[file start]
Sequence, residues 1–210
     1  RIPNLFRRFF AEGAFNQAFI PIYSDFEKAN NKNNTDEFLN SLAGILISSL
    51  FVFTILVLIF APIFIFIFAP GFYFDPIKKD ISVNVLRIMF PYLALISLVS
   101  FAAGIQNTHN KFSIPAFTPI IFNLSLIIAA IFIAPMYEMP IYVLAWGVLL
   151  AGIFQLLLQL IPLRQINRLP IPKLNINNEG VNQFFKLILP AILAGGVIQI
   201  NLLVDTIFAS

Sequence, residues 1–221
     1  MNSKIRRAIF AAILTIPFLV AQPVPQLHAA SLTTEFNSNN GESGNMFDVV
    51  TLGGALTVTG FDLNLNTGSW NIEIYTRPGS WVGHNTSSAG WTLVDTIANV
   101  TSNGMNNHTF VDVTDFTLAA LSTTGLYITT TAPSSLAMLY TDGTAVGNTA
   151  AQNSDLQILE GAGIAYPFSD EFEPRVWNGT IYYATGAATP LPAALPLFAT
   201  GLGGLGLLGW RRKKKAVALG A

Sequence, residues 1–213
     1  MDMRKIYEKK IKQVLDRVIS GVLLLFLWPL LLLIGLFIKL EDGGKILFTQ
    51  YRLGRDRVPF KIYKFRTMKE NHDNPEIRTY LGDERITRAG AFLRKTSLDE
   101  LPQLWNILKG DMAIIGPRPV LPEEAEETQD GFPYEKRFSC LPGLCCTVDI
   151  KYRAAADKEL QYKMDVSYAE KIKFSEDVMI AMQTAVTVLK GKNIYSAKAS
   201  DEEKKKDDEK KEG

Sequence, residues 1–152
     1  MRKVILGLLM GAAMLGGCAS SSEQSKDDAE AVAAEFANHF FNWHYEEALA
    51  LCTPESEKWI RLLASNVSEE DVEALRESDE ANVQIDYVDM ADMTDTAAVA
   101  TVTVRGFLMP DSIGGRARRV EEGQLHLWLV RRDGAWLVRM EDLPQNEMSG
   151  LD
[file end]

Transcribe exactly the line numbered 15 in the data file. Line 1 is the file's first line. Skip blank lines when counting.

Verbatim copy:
    51  YRLGRDRVPF KIYKFRTMKE NHDNPEIRTY LGDERITRAG AFLRKTSLDE